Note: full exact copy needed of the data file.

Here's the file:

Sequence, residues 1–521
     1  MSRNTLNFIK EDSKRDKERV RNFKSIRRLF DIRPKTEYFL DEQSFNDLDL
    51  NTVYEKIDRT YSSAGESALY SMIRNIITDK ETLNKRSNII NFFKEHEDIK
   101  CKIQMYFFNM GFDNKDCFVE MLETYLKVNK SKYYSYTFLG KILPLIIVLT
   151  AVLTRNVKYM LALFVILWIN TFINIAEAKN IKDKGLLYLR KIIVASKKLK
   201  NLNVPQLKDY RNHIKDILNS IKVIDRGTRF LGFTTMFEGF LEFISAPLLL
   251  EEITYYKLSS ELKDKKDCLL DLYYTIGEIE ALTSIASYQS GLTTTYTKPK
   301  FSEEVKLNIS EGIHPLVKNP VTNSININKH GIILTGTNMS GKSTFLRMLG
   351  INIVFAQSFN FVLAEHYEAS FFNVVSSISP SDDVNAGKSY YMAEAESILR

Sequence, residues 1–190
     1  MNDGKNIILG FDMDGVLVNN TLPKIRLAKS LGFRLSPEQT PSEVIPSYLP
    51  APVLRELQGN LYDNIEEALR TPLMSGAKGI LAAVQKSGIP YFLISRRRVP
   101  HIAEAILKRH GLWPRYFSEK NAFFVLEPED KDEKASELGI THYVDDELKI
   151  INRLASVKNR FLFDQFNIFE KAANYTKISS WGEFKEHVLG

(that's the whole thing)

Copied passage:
Sequence, residues 1–521
     1  MSRNTLNFIK EDSKRDKERV RNFKSIRRLF DIRPKTEYFL DEQSFNDLDL
    51  NTVYEKIDRT YSSAGESALY SMIRNIITDK ETLNKRSNII NFFKEHEDIK
   101  CKIQMYFFNM GFDNKDCFVE MLETYLKVNK SKYYSYTFLG KILPLIIVLT
   151  AVLTRNVKYM LALFVILWIN TFINIAEAKN IKDKGLLYLR KIIVASKKLK
   201  NLNVPQLKDY RNHIKDILNS IKVIDRGTRF LGFTTMFEGF LEFISAPLLL
   251  EEITYYKLSS ELKDKKDCLL DLYYTIGEIE ALTSIASYQS GLTTTYTKPK
   301  FSEEVKLNIS EGIHPLVKNP VTNSININKH GIILTGTNMS GKSTFLRMLG
   351  INIVFAQSFN FVLAEHYEAS FFNVVSSISP SDDVNAGKSY YMAEAESILR

Sequence, residues 1–190
     1  MNDGKNIILG FDMDGVLVNN TLPKIRLAKS LGFRLSPEQT PSEVIPSYLP
    51  APVLRELQGN LYDNIEEALR TPLMSGAKGI LAAVQKSGIP YFLISRRRVP
   101  HIAEAILKRH GLWPRYFSEK NAFFVLEPED KDEKASELGI THYVDDELKI
   151  INRLASVKNR FLFDQFNIFE KAANYTKISS WGEFKEHVLG